《TAIPEI TIMES》 Hon Hai vetting satellite, smart car tech
A screen shows Hon Hai Precision Industry Co chairman Young Liu speaking at the company’s annual general meeting in New Taipei City’s Tucheng District on Tuesday last week. Photo: CNA
LOOK UP: The firm should tap into space travel and colonies, as such businesses are expected to drive growth in tech over the next 20 to 30 years, an expert said
By Lisa Wang / Staff reporter
Hon Hai Precision Industry Co （鴻海精密） is exploring new business opportunities in technologies related to low Earth orbit （LEO） and smart car connectivity, the company said yesterday.
Hon Hai chairman Young Liu （劉揚偉） last week said that an LEO satellite from Hon Hai might be seen in the sky next year, as the company aims to create more value and higher returns for its shareholders, while the firm told yesterday’s forum that Microelectronics Technology Inc （台揚科技）, a 5G equipment and satellite component supplier that it fully owns via its subsidiaries, has tapped into the LEO satellite receiver market.
At the NExT Forum, organized by the Hon Hai Research Institute （鴻海研究院）, industry experts discussed the development of 5G and 6G （B5G） technologies, as well as opportunities that lie beyond, focusing on LEO supply chains and their link to the fulfillment of autonomous vehicles.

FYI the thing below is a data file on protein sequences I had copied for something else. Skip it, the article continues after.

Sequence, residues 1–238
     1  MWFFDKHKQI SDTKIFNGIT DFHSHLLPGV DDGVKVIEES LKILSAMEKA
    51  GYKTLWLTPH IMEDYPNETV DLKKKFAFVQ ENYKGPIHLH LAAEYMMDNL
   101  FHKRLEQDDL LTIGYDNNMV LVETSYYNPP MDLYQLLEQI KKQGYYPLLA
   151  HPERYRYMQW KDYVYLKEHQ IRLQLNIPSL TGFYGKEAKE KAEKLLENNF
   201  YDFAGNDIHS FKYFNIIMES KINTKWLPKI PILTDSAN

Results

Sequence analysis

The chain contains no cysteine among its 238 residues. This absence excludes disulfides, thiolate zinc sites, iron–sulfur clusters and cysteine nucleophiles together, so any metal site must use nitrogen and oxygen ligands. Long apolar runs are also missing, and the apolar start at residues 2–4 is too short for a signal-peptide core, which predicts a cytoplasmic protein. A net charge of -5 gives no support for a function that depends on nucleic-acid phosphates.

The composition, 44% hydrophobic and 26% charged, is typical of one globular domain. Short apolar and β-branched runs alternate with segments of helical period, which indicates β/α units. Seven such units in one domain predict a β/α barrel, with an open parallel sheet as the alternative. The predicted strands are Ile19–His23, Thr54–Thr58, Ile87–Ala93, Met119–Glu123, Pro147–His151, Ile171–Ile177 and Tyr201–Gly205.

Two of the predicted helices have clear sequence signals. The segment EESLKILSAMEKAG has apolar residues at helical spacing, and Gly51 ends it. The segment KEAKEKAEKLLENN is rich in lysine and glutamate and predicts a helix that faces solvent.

Numerous applications rely on having full coverage of B5G, LEO and low-latency networks with high-reliability design, research institute chairman Wu Jen-ming （吳仁銘） said.
National Space Organization Director-General Wu Jong-shine （吳宗信） said that a large-scale company such as Hon Hai should tap into space travel and space colonies, adding that such businesses would drive growth over the next 20 to 30 years.
To meet growing demand for full Internet coverage, especially in rural areas, existing 5G networks can be integrated with 6G technology or LEO satellite technology, Wu said.
There are four LEO satellite projects globally: SpaceX’s Starlink, the UK and India’s Oneweb, Amazon.com Inc’s Project Kuiper and Canada’s Telesat, he said.
By the end of the year, Starlink is to take the lead with 3,400 satellites launched, he said.
Some local networking companies and precision machinery companies have joined Starlink’s supply chain, supplying ground equipment for satellites, he added.
Wu said he is upbeat about business opportunities related to LEO satellites, as there are expected to be 50,000 satellites in the sky by 2030, with 77.5 percent of them being LEO satellites.
The ground equipment segment in 2020 comprised a significant portion of the global space economy, contributing US$135.3 billion, data compiled by Bryce Space and Technology and Euroconsult showed.
The global space economy is expected to expand to US$1 trillion by 2040 from US$371 billion in 2020, Wu said.
The satellite industry accounted for 74 percent of the global space economy in 2020, he said, citing data from Bryce Space and Technology and Euroconsult.
The research institute, which was established in January last year, directs the exploration of next-generation telecommunications and semiconductor technologies. It has focused on 5G-related technologies, satellite payload technologies and the ability to deploy satellite receiving stations.